I did not think I was going to finish this one.

SPOILERS: I did!

Hexham in Northumberland is a lovely little town in a lovely little area in a lovely little part of the country. I went to middle school and high school here, and lived in Hexham from the age of 16 until I was 24. So we have a history 🙂

At my little middle school sometimes we would do cross country running for a PE lesson if the weather was nice (and I think our teacher Mr Graham appreciated getting rid of us for a bit) and we would skirt the edge of a hilly field, up onto an old bridle path, and back towards the school. At most I would say it was 5K. I was a chubby lazy kid who played in windband and went to French Club so that she could get an early lunch on Thursdays (ok no, I liked French Club but it was on the same day as chip day so it was like a holy alignment of learning and chips) but I loved cross country running day. I was always one of the last to finish, couldn’t run the whole way without walk breaks, and to look at me you’d think I hated every step, but for some reason my most vivid and fond memories of middle school are mostly from those little cross country jaunts.

Middle school was where I was first allowed into “the outdoors” without having to stick to a neat walkway or within carefully-designed fencing or keeping a tight hold of my mum’s hand, and I absolutely loved it. I grew up on safe little streets in suburban towns or villages, and travelling on a stuffy coach for an hour to get to school in the countryside was like going on holiday every day. Cross country running was when I got to be surrounded by greenery, different noises, smells and things I’d never seen before, and thankfully I’ve never really lost that excitement.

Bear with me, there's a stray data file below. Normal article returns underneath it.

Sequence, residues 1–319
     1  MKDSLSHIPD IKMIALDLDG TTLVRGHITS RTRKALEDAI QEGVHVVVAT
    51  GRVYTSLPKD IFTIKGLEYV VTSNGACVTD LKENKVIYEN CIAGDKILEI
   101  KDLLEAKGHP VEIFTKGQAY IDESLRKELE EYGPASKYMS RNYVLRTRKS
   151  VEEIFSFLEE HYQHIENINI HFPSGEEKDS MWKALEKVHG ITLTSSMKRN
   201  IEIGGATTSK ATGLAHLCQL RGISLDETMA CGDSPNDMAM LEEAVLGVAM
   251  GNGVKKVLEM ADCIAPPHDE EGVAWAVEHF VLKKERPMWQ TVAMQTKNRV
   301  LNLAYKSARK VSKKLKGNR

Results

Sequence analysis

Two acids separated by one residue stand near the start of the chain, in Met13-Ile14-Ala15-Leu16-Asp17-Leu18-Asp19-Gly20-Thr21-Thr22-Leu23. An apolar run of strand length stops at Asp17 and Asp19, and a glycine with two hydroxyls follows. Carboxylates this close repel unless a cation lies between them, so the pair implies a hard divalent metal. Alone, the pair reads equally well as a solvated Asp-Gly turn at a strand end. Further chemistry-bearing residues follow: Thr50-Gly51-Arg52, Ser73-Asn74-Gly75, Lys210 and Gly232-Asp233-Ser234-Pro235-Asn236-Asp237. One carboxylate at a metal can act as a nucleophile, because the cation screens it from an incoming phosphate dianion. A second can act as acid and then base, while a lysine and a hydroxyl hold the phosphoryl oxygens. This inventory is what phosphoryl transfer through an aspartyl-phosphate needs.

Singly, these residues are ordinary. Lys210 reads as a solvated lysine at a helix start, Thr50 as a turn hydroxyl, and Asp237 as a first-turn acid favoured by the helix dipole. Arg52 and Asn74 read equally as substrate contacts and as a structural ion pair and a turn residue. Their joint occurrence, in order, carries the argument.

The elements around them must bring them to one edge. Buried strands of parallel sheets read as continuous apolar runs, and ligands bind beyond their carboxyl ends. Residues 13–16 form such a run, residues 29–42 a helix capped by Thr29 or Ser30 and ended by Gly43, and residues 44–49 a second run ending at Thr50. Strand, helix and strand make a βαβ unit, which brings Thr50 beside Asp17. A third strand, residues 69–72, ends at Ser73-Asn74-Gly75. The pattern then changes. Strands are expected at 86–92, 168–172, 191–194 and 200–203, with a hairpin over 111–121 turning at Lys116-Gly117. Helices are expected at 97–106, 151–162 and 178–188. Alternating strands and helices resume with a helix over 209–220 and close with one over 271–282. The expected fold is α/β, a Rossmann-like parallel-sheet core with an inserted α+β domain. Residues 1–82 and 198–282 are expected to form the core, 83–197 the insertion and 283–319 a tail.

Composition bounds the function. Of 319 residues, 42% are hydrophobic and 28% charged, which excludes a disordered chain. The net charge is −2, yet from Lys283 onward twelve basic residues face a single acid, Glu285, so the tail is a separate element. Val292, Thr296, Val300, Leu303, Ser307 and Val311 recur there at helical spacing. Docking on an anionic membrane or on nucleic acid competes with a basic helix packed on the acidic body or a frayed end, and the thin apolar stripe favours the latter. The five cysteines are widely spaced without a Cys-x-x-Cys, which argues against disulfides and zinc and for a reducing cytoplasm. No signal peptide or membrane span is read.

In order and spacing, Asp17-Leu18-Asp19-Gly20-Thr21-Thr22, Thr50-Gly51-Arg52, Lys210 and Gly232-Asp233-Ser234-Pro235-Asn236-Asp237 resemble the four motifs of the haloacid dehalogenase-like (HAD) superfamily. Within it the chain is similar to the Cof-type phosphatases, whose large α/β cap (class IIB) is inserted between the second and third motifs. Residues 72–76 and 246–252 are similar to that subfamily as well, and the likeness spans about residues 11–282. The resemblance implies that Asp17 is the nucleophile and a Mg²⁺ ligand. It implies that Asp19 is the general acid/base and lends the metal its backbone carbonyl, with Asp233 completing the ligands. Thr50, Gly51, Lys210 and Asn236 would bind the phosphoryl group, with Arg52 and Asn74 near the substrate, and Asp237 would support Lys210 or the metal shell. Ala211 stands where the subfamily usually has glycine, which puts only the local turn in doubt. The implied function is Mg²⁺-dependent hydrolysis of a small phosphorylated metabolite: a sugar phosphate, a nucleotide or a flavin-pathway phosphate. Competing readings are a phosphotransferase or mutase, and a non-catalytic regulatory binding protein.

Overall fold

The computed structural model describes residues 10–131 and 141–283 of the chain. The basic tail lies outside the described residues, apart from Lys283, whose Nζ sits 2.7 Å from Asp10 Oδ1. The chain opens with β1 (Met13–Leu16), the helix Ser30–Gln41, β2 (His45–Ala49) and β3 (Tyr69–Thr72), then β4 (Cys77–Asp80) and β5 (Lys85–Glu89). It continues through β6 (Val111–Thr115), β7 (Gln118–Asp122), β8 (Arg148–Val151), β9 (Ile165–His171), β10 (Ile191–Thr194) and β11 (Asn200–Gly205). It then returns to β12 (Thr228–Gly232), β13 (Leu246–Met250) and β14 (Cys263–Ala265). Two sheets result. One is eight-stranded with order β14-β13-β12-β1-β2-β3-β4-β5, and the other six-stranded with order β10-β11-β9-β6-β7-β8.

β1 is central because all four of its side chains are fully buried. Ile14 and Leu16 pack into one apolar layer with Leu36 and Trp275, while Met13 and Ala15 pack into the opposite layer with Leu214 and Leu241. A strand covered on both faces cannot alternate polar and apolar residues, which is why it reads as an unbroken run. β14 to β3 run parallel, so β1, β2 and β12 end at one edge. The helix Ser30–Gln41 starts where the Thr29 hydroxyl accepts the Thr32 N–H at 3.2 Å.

The Hexham Half Marathon on Sunday was the first time this race has ever been done, and it was like an extended cross country lesson but with the benefit of a lot more wisdom, muscle growth and training. I had a lot of fun!

hexh1
I think this was the second loop, so eight miles.

The race started underneath glorious sunshine, but thankfully there was a lot of shade from those glorious overhanging trees along the roads (FUN FACT: those are the roads I learned how to drive on, so you can imagine how much of a culture shock it was to drive in Maryland a few years later…), so after a while you just got used to it. I was glad that I brought my water belt, although there was a water station that was very well-stocked and set up so that we would have to pass it four times, so I got to relax and… wait is that the first hill..??

hhelev.png
Aww yiss. It was like that.

Full disclosure: I ran the first uphill all the way to the peak, and enjoyed the heck out of that downhill. After that ehhn not so much. The steepest bits I resigned myself to walking up, but by doing that I got to chat with some nice people and swap stories (“I saw three squashed rabbits!” “Ugh! I saw a pheasant which I thought was dead but then it squawked at me!” – ah, Northumberland), and save my energy for the long, hot, sticky straights.

It was the most difficult, sweaty, painful and best race I’ve ever done. I think I want to do more small, rural events; the lack of crowds and cheering was actually rather lovely. It’s all very well having strangers clap you on the back and shout your name, but I do appreciate a bit of applause and a “well done” from a dogwalker who happened to be passing 🙂

shirt

 

Anyway. Next up is the Great North Run in six weeks. I’m expecting a little more noise and fanfare for that 😉

Advertisement